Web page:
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Hart, Clive / Structure and motif in Finnegans wake

Chapter eight: two major motifs,   pp. 182-208 PDF (1.8 MB)

Page 188

 i88Two Major Motifs 
two historians are ' Dons ,7ohns'—two gallants—while the three
flowers are ' Totty Askins', that is, they are both juvenile (' totty') seducers
who ask for the attention of the males whom they always rebufl, and also
three enemy (English) soldiers. This succinct identification of the girls
and the soldiers is further emphasised in the right-hand note, ' BELLETRISTICS',
which seems to be Joyce's coinage for Amazons with a literary bias. 
 Isobel writes two footnotes to Quinet, in the second of which she suggests
that the flatus of his very spiritual style be transmuted into the rather
more solid matter to be found on Anna Livia's cloacal scrap of tissue': 
' Translout that gaswind into turfish, Teague, that's a good bog and you,
Thady, poliss it off, there's a nateswipe, on your blottom pulper'. 
Joyce takes Isobel's advice and parodies the sentence in five places in Finnegans
Wake, thus ' translouting' it into his Irish ' turfish' and thoroughly assimilating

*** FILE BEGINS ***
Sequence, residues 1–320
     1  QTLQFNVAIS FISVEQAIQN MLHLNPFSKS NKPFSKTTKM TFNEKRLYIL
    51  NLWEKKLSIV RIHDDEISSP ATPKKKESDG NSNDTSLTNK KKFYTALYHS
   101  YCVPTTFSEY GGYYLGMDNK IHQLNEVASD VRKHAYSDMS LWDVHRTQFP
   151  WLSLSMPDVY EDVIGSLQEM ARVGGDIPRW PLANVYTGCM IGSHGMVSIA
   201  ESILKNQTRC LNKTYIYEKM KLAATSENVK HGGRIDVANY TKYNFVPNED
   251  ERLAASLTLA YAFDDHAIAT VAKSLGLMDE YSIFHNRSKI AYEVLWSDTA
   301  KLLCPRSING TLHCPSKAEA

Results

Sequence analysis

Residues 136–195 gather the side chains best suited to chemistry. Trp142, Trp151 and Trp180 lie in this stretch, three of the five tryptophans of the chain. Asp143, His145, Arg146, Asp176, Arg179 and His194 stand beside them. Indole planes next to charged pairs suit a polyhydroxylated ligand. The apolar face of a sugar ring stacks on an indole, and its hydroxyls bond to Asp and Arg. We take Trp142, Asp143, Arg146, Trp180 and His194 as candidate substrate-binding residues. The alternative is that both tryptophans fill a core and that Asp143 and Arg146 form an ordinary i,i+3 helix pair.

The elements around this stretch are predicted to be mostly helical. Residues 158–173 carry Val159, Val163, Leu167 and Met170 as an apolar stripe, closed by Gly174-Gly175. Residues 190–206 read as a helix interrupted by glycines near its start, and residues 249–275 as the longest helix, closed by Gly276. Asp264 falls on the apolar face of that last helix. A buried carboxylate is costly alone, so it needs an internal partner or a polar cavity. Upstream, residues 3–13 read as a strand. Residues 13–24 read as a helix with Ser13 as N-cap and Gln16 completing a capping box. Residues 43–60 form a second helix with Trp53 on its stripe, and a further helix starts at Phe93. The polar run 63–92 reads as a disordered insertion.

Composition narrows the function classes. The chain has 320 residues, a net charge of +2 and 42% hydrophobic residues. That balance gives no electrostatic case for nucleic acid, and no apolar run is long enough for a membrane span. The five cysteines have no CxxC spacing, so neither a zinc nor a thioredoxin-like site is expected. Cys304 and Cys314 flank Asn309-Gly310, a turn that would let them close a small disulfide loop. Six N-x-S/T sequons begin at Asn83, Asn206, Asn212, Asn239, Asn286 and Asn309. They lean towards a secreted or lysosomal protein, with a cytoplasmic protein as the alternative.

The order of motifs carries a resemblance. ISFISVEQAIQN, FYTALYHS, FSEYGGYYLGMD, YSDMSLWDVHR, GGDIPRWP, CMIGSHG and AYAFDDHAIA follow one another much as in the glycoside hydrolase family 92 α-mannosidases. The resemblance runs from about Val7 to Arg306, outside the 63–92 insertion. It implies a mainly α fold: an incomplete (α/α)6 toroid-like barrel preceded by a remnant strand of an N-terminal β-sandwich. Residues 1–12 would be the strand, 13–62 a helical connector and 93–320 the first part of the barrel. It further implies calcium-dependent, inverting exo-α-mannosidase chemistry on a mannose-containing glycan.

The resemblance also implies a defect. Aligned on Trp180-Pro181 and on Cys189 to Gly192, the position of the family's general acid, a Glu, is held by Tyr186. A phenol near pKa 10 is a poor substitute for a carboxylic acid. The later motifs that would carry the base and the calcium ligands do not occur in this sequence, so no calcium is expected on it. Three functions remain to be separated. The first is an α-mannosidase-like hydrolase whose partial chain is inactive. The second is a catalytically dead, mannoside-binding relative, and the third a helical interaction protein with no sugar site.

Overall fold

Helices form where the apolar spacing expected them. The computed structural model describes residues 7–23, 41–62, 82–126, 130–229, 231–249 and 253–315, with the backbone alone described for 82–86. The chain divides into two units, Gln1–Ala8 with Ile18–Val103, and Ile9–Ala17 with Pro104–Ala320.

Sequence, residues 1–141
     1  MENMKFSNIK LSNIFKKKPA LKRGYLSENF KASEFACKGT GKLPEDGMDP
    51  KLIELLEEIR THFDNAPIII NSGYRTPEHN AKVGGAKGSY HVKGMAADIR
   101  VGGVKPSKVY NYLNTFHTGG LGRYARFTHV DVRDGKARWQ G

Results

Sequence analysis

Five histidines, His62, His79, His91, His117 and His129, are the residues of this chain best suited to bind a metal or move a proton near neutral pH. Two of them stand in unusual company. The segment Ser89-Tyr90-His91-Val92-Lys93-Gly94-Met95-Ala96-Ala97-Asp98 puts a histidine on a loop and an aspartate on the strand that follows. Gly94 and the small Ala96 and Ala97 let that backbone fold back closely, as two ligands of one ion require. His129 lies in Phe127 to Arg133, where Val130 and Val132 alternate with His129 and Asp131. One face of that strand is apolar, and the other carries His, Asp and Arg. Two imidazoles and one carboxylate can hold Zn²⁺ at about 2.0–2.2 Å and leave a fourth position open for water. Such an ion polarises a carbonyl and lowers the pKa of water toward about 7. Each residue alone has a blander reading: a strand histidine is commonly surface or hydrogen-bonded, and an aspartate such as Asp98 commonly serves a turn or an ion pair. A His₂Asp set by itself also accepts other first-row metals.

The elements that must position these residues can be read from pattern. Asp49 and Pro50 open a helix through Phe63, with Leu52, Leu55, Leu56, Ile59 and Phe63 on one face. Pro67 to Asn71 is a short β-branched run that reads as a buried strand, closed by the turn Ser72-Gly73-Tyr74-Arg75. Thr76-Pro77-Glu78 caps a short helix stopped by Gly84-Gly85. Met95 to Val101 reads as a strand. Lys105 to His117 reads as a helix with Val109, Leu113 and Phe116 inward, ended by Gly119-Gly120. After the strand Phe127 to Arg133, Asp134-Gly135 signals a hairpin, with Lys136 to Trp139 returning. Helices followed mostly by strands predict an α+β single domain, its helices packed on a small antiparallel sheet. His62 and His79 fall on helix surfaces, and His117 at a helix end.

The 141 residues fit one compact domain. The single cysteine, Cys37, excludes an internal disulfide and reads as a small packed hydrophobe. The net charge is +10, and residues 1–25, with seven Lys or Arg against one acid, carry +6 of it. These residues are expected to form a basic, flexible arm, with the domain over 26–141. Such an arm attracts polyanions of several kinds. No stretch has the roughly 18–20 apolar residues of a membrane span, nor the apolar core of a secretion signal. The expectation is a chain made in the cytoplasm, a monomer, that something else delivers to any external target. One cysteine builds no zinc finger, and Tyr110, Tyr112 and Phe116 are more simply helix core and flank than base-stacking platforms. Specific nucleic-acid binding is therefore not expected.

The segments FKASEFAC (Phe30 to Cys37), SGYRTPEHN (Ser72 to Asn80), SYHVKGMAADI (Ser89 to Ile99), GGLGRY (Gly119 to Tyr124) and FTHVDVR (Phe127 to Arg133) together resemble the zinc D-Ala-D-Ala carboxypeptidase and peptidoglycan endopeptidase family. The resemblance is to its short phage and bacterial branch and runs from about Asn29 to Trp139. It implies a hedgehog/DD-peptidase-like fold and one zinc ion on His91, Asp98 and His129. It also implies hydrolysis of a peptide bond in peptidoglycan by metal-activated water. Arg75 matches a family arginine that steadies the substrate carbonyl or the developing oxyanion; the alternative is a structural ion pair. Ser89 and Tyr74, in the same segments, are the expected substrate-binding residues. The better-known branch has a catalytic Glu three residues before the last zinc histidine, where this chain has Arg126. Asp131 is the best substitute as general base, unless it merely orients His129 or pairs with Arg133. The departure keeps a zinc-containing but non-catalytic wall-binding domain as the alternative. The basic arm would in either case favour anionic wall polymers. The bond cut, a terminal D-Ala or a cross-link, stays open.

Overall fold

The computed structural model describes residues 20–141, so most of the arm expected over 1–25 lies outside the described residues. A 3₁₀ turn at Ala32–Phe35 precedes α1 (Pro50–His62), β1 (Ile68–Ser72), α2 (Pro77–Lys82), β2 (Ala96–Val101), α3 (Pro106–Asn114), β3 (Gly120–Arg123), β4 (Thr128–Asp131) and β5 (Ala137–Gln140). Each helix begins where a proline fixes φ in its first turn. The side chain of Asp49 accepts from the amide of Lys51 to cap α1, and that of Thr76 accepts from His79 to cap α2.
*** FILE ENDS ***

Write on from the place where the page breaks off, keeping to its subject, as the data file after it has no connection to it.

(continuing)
it into the book. (I have used the word ' parody' here for want of a better.
Joyce is not really parodying Quinet at any point, but refashioning his sentence
word by word to suit new contexts—an altogether different art for which
no adequate term seems to exist. The five ' parodies' are more like free
translations into various dialects of ' Djoytsch'.) Stylistically, Quinet's
sentence is direct, lyrical, and simple—in short, all that Finnegans
Wake is not. By the time Joyce was composing his last book he was long past
the stage when he could comfortably write such simple stuff as this, however
much he may have admired it. The result is that all his reworkings inevitably
annihilate Quinet's rather too selfconscious grace and delicacy. As I shall
show below, Joyce has in every case considerably elaborated and extended
the original material, but it is interesting to see how the necessity to
compose within a more or less predetermined form has very largely curbed
his habit of expansion and interpolation. The first three parodies (those
on pages i 4—15, I 17, and 236) were incorporated relatively early
in their respective chapters and although in 
1 Cf. the Russian General's cleaning himself with a sod of Irish turf 

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